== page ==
Bike riding and geocaching

I was lucky enough to have today off work, and this morning we all rode our bikes to drop our son off at school. He’s been allowed to ride his scooter a few times, but today was the first time he rode his bike. We’re lucky that there’s a bikepath that takes us fairly close to his school, which means we don’t need to cross many roads or worry about cars reversing out of driveways. It all went well this morning, and he wasn’t late for school.

In the afternoon I rode up and picked him up after school. The Deputy Principal (who keeps an eye on the kids as they leave the school grounds) commented on Tom’s bike, so Tom told him that today was the first day he’d ridden it to school, and that he’d got the bike for his fourth birthday. He was pretty pleased with himself.

Ready to ride!

On our way[/caption]

Bikes, bikes, bikes

In between the bike riding, my wife and I and our youngest son went out to do some geocaching. We didn’t have a very successful day – we found five caches, and didn’t find five. We’d come up with a plan for the day, but it didn’t take long for those plans to change, as we made an unplanned find on a cache that we happened to be driving past. Our next attempt wasn’t so successful and resulted in our first DNF (Did Not Find) for the day. The next cache we searched for was a multi-cache where we had to collect some information from a location and use it to determine the location of the cache. We gathered the information that we were required to find, however we didn’t get a chance to calculate the cache location as we received a notification of a newly-published cache only a couple of kilometres away. Now it’s a bit of big thing to be the first to find (FTF) a cache, so we headed off to the new cache, with me tweeting about it as we went.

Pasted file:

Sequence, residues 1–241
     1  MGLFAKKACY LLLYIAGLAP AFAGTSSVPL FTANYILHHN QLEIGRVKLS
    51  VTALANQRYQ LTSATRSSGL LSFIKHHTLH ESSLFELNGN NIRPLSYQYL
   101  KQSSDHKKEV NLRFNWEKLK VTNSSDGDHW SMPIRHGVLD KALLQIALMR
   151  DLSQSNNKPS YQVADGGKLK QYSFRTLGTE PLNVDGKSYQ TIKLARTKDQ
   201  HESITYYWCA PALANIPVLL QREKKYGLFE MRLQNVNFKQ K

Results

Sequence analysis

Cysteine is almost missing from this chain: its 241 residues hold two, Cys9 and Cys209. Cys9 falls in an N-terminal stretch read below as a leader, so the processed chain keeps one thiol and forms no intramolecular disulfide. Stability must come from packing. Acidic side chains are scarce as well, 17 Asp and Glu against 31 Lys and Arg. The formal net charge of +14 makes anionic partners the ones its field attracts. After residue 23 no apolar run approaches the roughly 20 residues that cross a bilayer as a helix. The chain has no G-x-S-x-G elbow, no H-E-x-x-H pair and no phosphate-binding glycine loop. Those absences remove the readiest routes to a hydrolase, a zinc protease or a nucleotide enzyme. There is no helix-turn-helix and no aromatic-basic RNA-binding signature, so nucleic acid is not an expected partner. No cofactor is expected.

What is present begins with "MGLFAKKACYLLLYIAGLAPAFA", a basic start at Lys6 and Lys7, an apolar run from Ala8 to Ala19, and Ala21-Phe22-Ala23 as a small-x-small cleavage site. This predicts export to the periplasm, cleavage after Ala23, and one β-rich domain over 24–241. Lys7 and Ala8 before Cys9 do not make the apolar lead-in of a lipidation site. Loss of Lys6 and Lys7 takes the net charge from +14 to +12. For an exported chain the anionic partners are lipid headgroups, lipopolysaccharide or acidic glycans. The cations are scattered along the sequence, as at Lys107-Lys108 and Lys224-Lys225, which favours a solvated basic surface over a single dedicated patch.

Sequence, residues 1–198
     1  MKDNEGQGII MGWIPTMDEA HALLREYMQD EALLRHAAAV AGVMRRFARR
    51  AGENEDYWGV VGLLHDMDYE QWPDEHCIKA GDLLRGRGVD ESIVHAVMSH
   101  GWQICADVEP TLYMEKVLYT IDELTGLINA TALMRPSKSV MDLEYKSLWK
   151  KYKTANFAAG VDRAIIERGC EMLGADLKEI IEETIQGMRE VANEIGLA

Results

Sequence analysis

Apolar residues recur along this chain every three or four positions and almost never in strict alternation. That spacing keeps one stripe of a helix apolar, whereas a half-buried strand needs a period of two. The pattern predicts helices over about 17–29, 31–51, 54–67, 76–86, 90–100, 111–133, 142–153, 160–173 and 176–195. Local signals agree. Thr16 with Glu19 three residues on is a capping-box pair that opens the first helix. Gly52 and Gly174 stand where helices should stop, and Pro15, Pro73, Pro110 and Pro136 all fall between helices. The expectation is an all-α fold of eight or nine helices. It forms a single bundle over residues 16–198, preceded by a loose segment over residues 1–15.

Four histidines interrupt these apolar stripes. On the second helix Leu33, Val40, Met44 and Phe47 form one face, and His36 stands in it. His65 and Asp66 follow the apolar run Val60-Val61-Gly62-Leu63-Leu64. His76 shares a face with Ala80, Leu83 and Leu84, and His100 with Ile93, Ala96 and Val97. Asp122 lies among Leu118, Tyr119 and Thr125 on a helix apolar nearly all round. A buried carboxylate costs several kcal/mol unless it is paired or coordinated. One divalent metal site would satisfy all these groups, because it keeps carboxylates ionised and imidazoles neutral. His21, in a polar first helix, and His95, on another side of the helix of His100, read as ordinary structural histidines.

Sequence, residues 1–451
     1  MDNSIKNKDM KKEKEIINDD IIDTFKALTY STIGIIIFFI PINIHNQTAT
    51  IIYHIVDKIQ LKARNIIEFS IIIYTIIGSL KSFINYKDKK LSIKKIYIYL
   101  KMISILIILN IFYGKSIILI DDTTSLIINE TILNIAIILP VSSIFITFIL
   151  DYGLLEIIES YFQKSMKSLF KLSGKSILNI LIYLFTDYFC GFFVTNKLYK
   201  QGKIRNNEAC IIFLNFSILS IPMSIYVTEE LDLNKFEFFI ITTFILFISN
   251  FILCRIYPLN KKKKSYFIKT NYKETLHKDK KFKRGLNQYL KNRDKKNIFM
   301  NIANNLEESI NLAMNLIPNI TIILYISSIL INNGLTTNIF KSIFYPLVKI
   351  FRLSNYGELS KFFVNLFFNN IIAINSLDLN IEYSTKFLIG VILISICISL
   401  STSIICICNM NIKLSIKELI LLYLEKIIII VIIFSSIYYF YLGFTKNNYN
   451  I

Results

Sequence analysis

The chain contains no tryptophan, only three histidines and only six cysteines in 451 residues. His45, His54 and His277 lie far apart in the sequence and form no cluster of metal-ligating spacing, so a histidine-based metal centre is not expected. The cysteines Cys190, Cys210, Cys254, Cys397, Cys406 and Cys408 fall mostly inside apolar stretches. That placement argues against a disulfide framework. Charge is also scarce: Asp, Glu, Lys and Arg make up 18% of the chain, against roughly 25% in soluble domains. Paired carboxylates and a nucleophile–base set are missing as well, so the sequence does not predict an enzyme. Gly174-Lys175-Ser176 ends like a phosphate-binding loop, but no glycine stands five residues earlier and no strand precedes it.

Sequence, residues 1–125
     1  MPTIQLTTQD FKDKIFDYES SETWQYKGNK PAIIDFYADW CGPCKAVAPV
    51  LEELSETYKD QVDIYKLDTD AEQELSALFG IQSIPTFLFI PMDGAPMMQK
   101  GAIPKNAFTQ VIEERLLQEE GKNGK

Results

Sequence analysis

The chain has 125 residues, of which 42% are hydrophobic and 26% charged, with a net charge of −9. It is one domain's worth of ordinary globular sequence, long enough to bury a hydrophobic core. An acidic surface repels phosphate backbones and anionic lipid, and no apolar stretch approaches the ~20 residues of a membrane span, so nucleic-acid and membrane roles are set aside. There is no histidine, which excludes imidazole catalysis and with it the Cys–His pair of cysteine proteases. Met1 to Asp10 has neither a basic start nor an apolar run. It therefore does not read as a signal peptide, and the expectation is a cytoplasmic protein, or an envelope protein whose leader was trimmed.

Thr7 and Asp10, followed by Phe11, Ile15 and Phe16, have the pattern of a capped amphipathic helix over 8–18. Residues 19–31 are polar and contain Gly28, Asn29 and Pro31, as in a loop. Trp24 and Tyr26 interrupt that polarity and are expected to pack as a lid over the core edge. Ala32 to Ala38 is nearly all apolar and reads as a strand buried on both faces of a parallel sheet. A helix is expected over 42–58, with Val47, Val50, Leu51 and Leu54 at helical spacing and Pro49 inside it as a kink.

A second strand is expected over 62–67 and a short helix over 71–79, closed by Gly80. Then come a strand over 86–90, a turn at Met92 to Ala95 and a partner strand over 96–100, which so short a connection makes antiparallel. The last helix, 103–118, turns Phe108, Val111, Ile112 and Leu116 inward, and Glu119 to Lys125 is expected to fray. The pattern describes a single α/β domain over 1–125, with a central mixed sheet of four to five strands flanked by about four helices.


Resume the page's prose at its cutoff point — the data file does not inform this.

Note: Ground Zero is a caching term for the area around the coordinates of the cache where you need to search.

Note: LPC stands for Lamp Post Cache, which is quite a common but unimaginative style of cache in the US. There was a lamp post which looked like it was the hiding place for the cache, hence the reference to LPC.

We logged our DNF, a bit dejected that we weren’t able to get the FTF. It was time for lunch, so we stopped for a break, and then headed off for a walk to find a few nearby caches that are part of  a series that runs along a bikepath next to a fairly busy road. We found four out of the six that we searched for. After we posted our two DNF logs, the cache owner disabled the caches so that they can check on them, so there’s a chance that the caches were missing.

Later that day another cacher posted their own DNF on the cache we tried for the FTF on, and the cache owner posted a note that they’d checked the cache and it was still there. So I went out again later in the afternoon, armed with our GPSr this time, instead of just a smartphone, to see if it pointed to a different spot. But no, it pointed straight to the lamp post again, and this time there was another cacher there (the one who’d posted a DNF earlier). We had a combined search for the cache, and were joined by another cacher after a little while. The three of us weren’t having any luck, so I left the other two to it. Not long after arriving home, a notification came through that someone had found it (not one of my co-searchers). We’d love to know where it is, and will have to go back for another look.

Tagged , , , . Bookmark the permalink.

About Andrew

I'm a health librarian in Sydney, Australia, who also happens to be a geocacher.

Leave a Reply

This site uses Akismet to reduce spam. Learn how your comment data is processed.